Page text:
• 2023-11-04 12:49:25 PM

          JACK L wrote:


          " It waited 3 decades until they had the technology to extract the vocal from the cassette." qtd bwb.

          Really? I can "extract" music from any music cassettes into digital media in a few minutes !

          Please read my above post properly: " to separate CLEARLY John Lennon's vocals from the original recorded demo".

          To make John's voice listenable from the background noise/hum etC etc, it needs super top technology to do it right - AI - which is available to do the job successful only last year !!!!

          Me too, I listen to my favourite music off my USB while driving my car, that includes my favourite Beatles songs. Yet it can never replace my serious music sessions at home !

          Listening is believing

          JACK L

          • 2023-11-05 01:59:18 PM

            bwb wrote:

            "Really? I can "extract" music from any music cassettes into digital media in a few minutes !",,,,,,,,,,, Yes, really, because you are not capable of doing what they waited 30 years to do ...i.e. you are not capable of cleanly pulling out just the vocal and leaving everything else behind. THAT is what made this release possible.....check out the video of how they made it. You will hear it about 7 minutes in to hear it....... I know if you respond you will put some spin on all of this because you are incapable of ever even hinting that you might not be right... so go right ahead, it should at least be entertaining.

  • 2023-11-03 06:50:41 PM

    Michael Fremer wrote:

    I agree with most of the sentiments here. It goes on too long, it sounds like a Jeff Lynne ELO production. It was fun to hear once but will I play it again? Probably not. As for the Red and Blue, will be interesting to hear the remixes in this context but I really think these hits packages should have used the original mixes because that's what they were.....I hope Apple Corp realizes there's a big market for the original stereo tapes to be used to again cut AAA records.....

    • 2023-11-04 01:48:16 PM

      JACK L wrote:


      "I really think these hits packages should have used the original mixes because that's what they were..." qtd M Fremer

      I agree the origin master tapes should be used for the new remixes.

      But as posted above, this new remixes is made up of 1970s Beatles music soundtracks with the added-on music in 1995 by the "Threetles" - Paul, George & Ringo (per Jeff Lynne, the producer)

      My point is such remixes done at different venues & different eras would not sound as good as it should be if this new remixes were done in 2 separate discs instead of one disc combining the 2 performances 1970s+1995..

      Strictly on how it sounds as an analogue audiophile like yours truly.

      Enough said.

      JACK L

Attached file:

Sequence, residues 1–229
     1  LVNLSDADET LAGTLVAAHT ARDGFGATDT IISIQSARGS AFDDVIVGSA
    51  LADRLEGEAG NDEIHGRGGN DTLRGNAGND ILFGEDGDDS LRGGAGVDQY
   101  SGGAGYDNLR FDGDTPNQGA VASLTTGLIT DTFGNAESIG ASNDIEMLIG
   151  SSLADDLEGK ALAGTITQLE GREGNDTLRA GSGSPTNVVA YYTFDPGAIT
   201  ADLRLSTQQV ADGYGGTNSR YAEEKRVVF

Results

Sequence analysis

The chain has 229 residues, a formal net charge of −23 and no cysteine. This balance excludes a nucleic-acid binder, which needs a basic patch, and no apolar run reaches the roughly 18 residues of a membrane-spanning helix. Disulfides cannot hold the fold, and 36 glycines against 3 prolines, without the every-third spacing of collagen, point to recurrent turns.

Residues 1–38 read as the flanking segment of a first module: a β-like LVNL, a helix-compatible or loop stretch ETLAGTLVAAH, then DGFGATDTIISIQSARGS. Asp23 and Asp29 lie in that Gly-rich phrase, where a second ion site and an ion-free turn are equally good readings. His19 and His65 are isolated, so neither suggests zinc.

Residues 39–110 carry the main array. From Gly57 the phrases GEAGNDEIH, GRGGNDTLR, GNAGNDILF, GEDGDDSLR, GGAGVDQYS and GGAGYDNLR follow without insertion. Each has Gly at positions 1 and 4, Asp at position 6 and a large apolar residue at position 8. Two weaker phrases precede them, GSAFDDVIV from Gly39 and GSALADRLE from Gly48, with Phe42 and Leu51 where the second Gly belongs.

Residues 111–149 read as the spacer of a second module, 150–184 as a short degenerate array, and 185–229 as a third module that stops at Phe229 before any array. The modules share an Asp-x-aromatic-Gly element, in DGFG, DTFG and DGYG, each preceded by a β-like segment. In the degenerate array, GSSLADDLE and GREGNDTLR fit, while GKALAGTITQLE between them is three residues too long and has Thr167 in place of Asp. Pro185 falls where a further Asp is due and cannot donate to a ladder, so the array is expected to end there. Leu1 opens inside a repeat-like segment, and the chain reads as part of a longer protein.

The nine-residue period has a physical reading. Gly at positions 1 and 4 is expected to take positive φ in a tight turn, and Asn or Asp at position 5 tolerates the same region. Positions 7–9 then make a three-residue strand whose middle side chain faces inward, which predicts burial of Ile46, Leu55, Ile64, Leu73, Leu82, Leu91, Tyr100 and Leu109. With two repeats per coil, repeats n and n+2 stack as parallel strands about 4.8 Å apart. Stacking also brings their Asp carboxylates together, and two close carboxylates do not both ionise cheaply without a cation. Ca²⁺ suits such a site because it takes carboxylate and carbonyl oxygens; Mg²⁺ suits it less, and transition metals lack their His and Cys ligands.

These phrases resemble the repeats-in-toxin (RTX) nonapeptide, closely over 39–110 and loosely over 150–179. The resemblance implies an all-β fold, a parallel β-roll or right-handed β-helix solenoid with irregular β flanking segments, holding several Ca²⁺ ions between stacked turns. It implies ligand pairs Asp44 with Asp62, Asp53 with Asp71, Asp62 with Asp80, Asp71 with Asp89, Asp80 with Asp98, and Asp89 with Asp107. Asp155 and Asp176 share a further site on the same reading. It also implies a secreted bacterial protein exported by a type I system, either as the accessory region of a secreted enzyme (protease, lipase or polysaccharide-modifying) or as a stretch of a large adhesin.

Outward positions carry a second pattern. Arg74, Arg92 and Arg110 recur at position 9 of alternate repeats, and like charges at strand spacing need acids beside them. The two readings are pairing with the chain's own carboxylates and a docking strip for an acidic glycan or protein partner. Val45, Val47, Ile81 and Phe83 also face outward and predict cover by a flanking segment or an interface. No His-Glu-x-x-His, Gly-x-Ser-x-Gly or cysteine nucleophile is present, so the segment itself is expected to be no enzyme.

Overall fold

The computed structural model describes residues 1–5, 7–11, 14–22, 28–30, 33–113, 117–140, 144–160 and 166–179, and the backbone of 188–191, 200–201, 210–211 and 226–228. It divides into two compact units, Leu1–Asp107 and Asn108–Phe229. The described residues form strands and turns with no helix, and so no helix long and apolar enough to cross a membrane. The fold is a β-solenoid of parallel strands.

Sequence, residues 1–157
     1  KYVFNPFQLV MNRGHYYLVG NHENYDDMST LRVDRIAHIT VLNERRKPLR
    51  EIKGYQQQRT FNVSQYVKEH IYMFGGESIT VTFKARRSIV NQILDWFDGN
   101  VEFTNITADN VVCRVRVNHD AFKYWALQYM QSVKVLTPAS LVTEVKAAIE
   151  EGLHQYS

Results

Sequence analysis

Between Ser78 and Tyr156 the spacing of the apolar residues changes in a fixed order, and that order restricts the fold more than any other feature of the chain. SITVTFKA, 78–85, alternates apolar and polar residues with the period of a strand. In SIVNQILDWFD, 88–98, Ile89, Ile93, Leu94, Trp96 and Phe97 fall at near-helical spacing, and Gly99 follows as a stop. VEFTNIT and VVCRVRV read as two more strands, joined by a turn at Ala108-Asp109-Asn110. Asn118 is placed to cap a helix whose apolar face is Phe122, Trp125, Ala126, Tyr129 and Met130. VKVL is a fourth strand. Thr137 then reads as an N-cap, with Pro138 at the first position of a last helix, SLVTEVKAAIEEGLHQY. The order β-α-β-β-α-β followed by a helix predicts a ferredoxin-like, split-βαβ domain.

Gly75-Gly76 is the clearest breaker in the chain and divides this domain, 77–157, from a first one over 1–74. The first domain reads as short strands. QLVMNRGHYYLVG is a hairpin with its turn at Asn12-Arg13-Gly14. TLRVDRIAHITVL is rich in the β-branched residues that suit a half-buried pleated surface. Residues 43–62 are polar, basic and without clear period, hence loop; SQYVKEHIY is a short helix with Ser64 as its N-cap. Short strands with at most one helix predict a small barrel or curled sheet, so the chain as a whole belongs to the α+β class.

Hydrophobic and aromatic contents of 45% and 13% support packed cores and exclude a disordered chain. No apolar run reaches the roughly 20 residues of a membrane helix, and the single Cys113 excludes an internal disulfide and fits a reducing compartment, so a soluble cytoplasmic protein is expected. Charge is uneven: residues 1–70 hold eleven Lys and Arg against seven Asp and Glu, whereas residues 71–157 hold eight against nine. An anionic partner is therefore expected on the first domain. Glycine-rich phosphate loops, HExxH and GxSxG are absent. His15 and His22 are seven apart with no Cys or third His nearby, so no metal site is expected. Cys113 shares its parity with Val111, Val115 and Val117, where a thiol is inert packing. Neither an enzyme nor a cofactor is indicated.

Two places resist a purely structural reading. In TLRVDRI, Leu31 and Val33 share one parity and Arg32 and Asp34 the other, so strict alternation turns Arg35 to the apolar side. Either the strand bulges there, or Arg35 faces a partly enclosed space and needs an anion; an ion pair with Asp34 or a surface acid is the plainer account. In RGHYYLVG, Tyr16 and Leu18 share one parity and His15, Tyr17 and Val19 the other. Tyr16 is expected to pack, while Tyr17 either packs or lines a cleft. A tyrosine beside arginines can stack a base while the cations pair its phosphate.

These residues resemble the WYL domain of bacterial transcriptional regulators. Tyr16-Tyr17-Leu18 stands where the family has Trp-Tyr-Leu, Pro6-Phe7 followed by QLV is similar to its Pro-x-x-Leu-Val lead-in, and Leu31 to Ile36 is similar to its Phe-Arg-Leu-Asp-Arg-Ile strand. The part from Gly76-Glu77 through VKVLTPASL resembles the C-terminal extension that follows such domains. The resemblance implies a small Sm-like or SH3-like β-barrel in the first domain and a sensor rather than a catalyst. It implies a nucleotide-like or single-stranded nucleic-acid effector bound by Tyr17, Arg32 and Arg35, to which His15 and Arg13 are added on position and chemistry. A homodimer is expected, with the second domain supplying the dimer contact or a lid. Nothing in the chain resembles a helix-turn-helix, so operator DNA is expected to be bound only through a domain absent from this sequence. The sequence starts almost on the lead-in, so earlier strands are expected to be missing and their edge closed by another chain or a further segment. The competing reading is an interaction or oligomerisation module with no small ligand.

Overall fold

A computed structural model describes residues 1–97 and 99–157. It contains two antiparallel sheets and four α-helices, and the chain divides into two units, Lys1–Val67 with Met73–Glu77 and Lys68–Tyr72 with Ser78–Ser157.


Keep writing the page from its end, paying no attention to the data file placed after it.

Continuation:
• 2023-11-03 07:34:23 PM

    JuzDisGuy wrote:

    Wow, my god you people are insufferable. I am with the minority here, and think it's a good song. I also love the video. And I love that this was a of love for John's ex-bandmates, his ex-wife, his son and all those involved who love the Beatles. When you can't set aside the gear to appreciate what this is and how lucky we are to live in a time where technology allows us the privilege to enjoy a song that otherwise would have never seen the light of day, wow, just wow. Instead we have to listen to "it sounds too digital", "it doesn't measure up", it's too long", "it's dreary" and perhaps the worst offender of all, "ooh, it hurts my vinyl/tube spoiled ears." Honestly, what a bunch of Mary's you are. I too have a megabuck system, but I can also enjoy the music for the music.

    • 2023-11-04 12:06:35 PM

      JACK L wrote:


      "I too have a megabuck system, but I can also enjoy the music for the music." qtd JDisGuy

      Who needs/wants a "megabuck system" to enjoy music ??

      FYI, my elder son, graduated from my city's Royal Conservatory of Music (founded 1886) in classical piano theory & practice when he was only 18 before entering for a professional discipline. He never owns any audios at all. Yet he enjoys bigtime his music from his laptop minispeakers at home & earbud music-to-go from his iPhone !

      Yet he is a perfect pitch! So often he sits down quietly beside me during my classic music listening in my basement audio den & tells me what pitch of the music being played in split second without fail whenever I test his music sensing.

      JACK L

    • 2023-11-04 02:02:24 PM

      Michael Fremer wrote:

      I love the backstory as well and of course it brought a tear to my eye... and it's okay musically in a Jeff Lynne sorta way...I'm glad they did it....

  • 2023-11-03 08:18:57 PM

    bwb wrote:

    +1 ,,,,